ACLU at the Michigan Capitol – February 22, 2016
Working as a lobbyist for a principled, multi-issue, multi-disciplinary civil rights organization can be daunting at times; juggling the various issues and the cast of interested parties each fighting to advance our own policy position. It’s definitely part of the excitement. My work is uniquely rewarding, though, when we can align with those interested parties with whom we are traditionally in opposition.
Lately, working with “unusual bedfellows” is becoming increasingly commonplace. One such area of advocacy is in the realm of reforming Michigan’s civil asset forfeiture laws. Unlike criminal asset forfeiture in which property is seized based on a criminal conviction implicating that property, civil asset forfeiture allows the government to seize your property, and sell it, regardless of any criminal conviction.
This system of abuse is nationwide but Michigan is ranked among the worst offenders, receiving a grade of D- based on Policing for Profit: The Abuse of Civil Asset Forfeiture, a comprehensive 2010 report by the Institute for Justice.
And here is why our work on this issue is so rewarding: In addition to the ACLU, groups like The Tenth Amendment Center of Michigan, the US Justice Action Network, the CATO Institute, and the Mackinac Center for Public Policy have combined efforts to call attention to the lack of oversight and transparency for the millions of dollars being realized by law enforcement based on the sale of seized assets for which there is a complete lack of due process afforded to the citizens whose has been property confiscated. In this video, the Mackinac Center for Public Policy and the ACLU of Michigan team up to address abuses of Michigan’s civil asset forfeiture laws. (We also teamed up with the Mackinac Center to produce this report on civil forfeiture.)
We had some success last year when we advanced bills that received almost unanimous support from both the Michigan House and Senate, leading Governor Snyder to approve bills reforming civil asset forfeiture laws in March, 2015. Those reforms included increasing the burden of proof to confiscate property from “a preponderance of the evidence” to the more rigorous burden of “clear and convincing evidence”. The new law also requires law enforcement agencies to file annual reports detailing civil asset forfeiture cases and proceeds. This is an example of a 2014 report produced by the Michigan State Police.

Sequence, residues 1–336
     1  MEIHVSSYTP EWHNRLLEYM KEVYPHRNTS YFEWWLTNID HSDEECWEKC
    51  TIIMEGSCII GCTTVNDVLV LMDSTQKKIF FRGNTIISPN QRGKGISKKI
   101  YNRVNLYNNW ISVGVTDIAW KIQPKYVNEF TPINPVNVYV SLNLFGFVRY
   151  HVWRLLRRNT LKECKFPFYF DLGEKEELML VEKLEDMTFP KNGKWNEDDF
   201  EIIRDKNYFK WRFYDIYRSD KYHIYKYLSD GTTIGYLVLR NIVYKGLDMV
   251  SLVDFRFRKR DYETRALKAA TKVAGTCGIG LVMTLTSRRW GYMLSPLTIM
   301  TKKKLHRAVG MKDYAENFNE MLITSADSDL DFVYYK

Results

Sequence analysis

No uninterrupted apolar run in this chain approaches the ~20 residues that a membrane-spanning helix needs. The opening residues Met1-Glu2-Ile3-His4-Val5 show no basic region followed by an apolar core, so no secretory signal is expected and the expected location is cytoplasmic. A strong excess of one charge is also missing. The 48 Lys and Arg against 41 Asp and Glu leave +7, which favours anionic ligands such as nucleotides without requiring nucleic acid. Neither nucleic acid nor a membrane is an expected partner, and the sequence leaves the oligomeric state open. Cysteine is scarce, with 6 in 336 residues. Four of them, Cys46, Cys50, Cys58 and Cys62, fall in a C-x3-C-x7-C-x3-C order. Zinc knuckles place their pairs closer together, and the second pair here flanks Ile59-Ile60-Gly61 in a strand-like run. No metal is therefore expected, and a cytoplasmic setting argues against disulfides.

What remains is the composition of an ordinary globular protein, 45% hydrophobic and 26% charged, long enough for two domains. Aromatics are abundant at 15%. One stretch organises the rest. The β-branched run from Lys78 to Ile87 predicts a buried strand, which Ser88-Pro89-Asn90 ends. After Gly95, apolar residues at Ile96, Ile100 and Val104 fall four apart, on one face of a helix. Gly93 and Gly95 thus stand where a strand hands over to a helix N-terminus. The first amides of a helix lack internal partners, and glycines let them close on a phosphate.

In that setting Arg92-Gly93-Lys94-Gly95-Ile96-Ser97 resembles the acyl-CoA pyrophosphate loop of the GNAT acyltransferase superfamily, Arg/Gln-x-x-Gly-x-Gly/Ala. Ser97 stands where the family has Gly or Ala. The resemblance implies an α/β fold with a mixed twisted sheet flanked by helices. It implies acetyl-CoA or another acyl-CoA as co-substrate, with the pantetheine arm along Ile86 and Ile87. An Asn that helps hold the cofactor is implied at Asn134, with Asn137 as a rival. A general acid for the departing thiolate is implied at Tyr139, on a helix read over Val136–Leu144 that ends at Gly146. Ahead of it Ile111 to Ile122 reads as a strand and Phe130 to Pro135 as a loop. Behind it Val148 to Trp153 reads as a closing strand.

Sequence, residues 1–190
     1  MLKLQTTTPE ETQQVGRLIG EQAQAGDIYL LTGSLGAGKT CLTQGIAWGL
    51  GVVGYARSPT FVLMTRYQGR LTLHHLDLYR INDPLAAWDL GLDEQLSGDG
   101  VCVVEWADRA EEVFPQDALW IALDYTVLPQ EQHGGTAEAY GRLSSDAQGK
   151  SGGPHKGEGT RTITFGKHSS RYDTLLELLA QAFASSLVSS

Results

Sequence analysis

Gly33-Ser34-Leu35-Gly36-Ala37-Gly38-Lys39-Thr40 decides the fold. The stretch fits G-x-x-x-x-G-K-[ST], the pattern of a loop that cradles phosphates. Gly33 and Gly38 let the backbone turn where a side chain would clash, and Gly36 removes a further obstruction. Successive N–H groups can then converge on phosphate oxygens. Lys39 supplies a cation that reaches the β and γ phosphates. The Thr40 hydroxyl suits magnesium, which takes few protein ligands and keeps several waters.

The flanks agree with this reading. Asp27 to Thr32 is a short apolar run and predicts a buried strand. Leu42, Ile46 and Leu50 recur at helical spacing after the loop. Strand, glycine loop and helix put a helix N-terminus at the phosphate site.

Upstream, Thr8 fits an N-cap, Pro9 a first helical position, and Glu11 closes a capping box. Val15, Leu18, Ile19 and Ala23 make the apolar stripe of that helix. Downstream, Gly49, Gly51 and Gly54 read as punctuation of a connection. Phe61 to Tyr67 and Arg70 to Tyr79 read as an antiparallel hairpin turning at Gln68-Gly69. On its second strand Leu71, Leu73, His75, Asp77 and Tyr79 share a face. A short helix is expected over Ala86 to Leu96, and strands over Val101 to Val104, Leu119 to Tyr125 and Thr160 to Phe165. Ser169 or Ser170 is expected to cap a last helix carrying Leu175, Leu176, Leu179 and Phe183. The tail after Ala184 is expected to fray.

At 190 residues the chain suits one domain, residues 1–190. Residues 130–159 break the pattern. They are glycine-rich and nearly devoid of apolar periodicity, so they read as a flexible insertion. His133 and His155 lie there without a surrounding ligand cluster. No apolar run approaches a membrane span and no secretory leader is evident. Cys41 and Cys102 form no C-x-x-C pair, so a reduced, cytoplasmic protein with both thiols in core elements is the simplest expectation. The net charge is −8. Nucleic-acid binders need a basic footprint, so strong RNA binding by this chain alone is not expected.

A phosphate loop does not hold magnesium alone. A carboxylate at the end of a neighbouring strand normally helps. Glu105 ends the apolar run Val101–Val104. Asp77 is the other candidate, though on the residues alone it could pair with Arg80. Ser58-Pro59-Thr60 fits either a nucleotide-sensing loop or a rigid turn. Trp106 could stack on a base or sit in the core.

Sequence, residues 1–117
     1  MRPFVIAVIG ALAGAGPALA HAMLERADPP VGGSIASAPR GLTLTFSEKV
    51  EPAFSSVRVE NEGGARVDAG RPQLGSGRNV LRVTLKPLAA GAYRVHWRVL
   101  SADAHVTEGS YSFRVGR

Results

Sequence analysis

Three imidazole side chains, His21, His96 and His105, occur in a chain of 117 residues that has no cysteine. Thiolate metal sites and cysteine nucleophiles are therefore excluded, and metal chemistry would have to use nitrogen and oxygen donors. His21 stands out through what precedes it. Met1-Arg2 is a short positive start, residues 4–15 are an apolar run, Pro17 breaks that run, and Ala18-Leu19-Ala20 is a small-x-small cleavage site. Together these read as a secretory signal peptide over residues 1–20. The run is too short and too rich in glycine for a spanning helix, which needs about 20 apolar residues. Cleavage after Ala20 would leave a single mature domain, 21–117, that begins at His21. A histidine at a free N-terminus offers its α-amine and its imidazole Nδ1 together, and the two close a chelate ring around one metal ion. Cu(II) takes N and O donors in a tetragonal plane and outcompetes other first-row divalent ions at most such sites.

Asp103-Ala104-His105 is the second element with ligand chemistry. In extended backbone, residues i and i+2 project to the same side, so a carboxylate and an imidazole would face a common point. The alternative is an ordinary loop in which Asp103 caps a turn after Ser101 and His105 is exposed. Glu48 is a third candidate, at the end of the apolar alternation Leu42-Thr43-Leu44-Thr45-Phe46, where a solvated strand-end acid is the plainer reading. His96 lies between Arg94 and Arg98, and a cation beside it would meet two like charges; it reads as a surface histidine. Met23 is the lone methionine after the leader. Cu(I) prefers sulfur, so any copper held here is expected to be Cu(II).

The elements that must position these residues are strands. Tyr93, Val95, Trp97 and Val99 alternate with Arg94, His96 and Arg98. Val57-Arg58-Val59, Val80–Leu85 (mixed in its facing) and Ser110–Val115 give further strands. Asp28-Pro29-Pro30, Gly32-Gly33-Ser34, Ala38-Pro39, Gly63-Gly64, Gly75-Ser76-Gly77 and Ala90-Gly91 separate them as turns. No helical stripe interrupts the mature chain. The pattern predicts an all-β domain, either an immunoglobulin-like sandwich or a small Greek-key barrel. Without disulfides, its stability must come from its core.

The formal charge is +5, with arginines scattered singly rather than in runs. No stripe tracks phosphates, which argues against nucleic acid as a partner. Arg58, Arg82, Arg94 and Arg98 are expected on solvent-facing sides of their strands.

At issue right now in our legislature is a bill, introduced by Representative Pete Lucido, R-Shelby Township, and voted with full support from the House Oversight and Ethics Committee chaired by another true champion of reform, Representative Ed McBroom, R-Vulcan. This legislation tackles the barriers to due process. HB 4321 would eliminate the requirement that an individual who believes their property has been wrongly confiscated must file a bond in the amount of 10% of the value of the confiscated property (based on a valuation, by the way, made by the law enforcement entity that seized the property) in order to go to court for a hearing of determination. If the bond is not filed within 20 days of the seizure, the law enforcement agency may sell the property and keep the proceeds.
Two recent cases highlight how unfair, and we believe unconstitutional, this “pay to play” system is to Michigan citizens.
In one case, the police raided the home of Shantrese Kinnon in Grand Rapids because of the illegal activities of Ms. Kinnon’s husband. The police took most of Ms. Kinnon’s property, including computers, cash, and a couple of cars. Ms. Kinnon could not afford to post the entire bond. She didn’t have enough cash to post 10% of the value of all the things that were taken.
Ms. Kinnon took her case to trial and the judge found that the property wasn’t related to the illegal activity and ordered her property returned. But because she couldn’t afford to post full bond the police had already sold her car without ever giving her the chance to prove that – like the rest of her things – it was illegally acquired under civil asset forfeiture.
The ACLU litigated a similar case in Alpena County. There the police took almost $20,000 from Carmen Villeneuve, alleging that the money was from drugs. Ms. Villeneuve claimed the money was from a car accident. But because the police had taken all of her money, she didn’t have $2000 to post bond. And Ms. Villeneuve was denied a hearing. Only after an appeal was filed did the prosecutor agree to a hearing.
These cases are symptomatic of civil asset forfeiture cases across the state. It is fundamentally unfair for the government to take your property, and then deny due process unless you can pay for it.
Michigan citizens should not have to buy the due process afforded by our Constitution, and this bill would guarantee that right.